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Problem Of Obesity In Developing Nations

1007 words - 5 pages

Obesity is a pertinent issue in both developed and developing nations. The study regarding the psychosocial dimensions of obesity is the focal point of established theoretical and experimental attempts. Overweight in children and young people is linked with a set of emotional and social issues. It may include poor school and social performance, low self esteem, peer teasing, societal persecution, low body esteem, low quality of life and several faulty neuropsychological functioning. While the community samples of obese adolescents usually do not demonstrate eminent psychopathology, clinically referred obese young people illustrates marked depression, behavioural problems, anxiety, eating disorders and attention deficit hyperactivity disorders. This essay examines possible reciprocal relations between common mental disorders and obesity, and to consider whether such a relation exists. This review also aims to broaden the scope of knowledge of nurses about several prominent issues of obesity in practice.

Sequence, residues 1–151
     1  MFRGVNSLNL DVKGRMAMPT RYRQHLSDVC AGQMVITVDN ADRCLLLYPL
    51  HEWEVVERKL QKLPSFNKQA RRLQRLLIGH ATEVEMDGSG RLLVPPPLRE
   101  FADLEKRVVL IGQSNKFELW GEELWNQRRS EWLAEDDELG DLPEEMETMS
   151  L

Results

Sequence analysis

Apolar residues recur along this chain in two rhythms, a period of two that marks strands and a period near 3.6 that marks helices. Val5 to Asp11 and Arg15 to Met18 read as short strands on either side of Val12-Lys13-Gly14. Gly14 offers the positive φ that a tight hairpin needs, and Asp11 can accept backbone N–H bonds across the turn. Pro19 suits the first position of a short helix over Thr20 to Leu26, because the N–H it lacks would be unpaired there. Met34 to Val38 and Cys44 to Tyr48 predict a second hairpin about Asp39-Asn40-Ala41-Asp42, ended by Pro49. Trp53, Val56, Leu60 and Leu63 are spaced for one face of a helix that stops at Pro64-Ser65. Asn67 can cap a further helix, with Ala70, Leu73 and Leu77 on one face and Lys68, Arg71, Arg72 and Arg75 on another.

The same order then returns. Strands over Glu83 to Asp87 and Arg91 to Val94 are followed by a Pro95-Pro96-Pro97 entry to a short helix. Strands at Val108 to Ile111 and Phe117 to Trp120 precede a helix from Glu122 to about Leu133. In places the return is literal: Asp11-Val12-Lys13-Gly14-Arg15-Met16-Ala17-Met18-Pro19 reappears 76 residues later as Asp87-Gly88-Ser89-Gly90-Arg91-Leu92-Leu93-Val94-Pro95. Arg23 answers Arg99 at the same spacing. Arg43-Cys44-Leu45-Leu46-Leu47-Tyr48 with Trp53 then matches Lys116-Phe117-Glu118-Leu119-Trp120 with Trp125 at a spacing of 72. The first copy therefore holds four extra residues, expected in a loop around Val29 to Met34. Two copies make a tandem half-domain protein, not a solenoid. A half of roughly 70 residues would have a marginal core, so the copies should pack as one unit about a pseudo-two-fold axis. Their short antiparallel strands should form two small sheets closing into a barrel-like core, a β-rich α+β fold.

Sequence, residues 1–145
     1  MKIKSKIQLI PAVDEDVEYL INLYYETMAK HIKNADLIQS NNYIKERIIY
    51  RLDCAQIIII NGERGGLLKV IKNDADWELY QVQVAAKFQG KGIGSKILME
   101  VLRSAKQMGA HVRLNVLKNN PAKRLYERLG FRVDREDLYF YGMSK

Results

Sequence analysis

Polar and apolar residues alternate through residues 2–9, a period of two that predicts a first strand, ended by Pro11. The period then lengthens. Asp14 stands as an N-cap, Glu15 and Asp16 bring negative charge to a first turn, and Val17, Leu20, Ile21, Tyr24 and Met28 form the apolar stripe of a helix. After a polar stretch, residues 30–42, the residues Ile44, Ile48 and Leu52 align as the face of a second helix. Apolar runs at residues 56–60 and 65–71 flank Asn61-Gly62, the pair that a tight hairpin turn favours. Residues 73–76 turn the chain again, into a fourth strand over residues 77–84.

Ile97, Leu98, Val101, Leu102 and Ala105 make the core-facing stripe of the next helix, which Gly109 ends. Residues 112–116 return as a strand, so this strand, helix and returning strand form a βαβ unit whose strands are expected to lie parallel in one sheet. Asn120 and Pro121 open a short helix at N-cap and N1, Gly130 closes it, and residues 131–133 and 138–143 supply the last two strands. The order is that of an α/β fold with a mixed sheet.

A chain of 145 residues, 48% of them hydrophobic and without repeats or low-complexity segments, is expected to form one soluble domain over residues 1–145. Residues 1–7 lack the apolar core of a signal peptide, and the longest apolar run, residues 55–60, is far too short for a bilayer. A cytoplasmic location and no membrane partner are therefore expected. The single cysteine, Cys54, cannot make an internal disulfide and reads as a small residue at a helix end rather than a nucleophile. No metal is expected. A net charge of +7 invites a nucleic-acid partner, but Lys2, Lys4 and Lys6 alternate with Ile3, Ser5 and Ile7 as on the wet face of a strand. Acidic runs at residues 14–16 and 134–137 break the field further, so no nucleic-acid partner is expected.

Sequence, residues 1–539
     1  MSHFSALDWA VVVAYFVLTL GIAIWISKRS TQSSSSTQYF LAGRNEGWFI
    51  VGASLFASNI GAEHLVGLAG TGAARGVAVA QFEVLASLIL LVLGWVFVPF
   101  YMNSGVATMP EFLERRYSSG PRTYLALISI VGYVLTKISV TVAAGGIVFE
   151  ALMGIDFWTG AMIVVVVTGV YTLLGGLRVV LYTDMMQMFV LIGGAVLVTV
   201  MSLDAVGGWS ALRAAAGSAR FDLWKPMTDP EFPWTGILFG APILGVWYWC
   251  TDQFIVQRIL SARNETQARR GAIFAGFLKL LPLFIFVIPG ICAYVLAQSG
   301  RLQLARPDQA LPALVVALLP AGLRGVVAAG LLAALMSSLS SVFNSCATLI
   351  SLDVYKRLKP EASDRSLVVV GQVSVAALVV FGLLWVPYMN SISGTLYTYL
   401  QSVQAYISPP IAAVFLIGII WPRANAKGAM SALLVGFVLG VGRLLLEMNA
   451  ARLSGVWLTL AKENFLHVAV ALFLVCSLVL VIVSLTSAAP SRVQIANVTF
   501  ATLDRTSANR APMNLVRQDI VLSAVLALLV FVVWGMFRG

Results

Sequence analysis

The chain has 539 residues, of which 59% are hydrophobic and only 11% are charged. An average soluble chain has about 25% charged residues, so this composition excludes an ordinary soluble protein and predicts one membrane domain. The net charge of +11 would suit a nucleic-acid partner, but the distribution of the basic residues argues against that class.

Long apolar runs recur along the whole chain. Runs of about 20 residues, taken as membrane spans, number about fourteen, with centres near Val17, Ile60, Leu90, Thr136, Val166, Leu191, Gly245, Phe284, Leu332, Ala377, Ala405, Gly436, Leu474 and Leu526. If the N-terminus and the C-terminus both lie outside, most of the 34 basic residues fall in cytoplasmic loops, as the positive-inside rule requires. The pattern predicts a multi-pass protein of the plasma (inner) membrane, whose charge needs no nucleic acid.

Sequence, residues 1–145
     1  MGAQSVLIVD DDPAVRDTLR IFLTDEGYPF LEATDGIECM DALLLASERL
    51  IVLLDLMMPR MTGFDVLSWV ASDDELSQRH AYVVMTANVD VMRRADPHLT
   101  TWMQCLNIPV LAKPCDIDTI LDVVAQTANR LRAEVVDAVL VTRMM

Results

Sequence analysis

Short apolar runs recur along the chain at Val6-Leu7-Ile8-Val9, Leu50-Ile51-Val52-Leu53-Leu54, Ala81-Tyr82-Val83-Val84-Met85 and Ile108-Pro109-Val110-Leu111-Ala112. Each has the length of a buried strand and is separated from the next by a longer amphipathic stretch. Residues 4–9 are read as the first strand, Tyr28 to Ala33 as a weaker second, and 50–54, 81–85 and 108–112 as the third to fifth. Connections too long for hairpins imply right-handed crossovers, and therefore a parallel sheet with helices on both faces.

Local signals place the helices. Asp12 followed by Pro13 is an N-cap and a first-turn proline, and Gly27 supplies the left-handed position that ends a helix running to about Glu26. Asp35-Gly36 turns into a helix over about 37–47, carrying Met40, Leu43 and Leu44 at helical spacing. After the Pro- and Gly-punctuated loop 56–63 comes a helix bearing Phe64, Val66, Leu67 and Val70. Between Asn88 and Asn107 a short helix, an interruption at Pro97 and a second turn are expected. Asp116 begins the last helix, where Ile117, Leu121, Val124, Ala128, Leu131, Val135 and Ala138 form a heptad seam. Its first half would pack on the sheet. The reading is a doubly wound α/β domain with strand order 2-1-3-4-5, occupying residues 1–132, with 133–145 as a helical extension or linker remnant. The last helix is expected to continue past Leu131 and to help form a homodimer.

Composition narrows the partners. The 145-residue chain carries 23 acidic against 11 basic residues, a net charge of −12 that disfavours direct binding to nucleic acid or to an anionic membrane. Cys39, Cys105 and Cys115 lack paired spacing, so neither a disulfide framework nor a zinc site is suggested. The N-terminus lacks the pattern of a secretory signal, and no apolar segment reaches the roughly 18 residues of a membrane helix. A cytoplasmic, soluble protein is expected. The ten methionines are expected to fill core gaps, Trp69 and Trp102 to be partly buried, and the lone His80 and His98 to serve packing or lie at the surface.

Physical dimension can make difficult even the most basic nursing interventions for overweight patients. The areas which may create major nursing concerns are general assessment, skin care, resuscitation measures, respiratory challenges, intravenous access, altered drug absorption and immobility. As the pressure within the skin folds in overweight clients is high and it is sufficient to cause skin breakdown, atypical pressure ulcers are formed. In obese clients catheters, tubes and drainages can tunnel into the skin and soft tissues. Changing the position is another complicated concern for obese patients who are confined to bed. Use of a blood pressure cuff which is too small or attaching the cuff as one to attempt to make it fit will give an inaccurate reading. In an emergency intubation, visualizing the anatomic landmarks, such as vocal cords, may be difficult in obese patient. Still in a non-urgent situation, safe airway management may necessitate extra planning. A very thick neck in an obese client makes difficulty with standard tracheostomy tubes as it may be too short. Excess amount of body fat may alter absorption of drug, conditional on the medication. Moreover, the dosage of certain medications is calculated using the patient’s own body weight, whilst the dosage of some other drugs is based on ideal body weight. The length of needles equipped for intramuscular injections requires special concern for the reason that standard needles may not be capable to penetrate adipose tissue in a client with a bulky layer of fatty layer. Intravenous access can also be difficult in overweight patients as the blood vessels appears deep and difficult to access. Obviously a high level of dependency can be seen in morbidly obese patients. Some particular procedures like mobilizing and lifting immobile clients appears overpowering without appropriate guidance and equipment. Both the morbidly overweight clients and the caregivers undergo a high level of...

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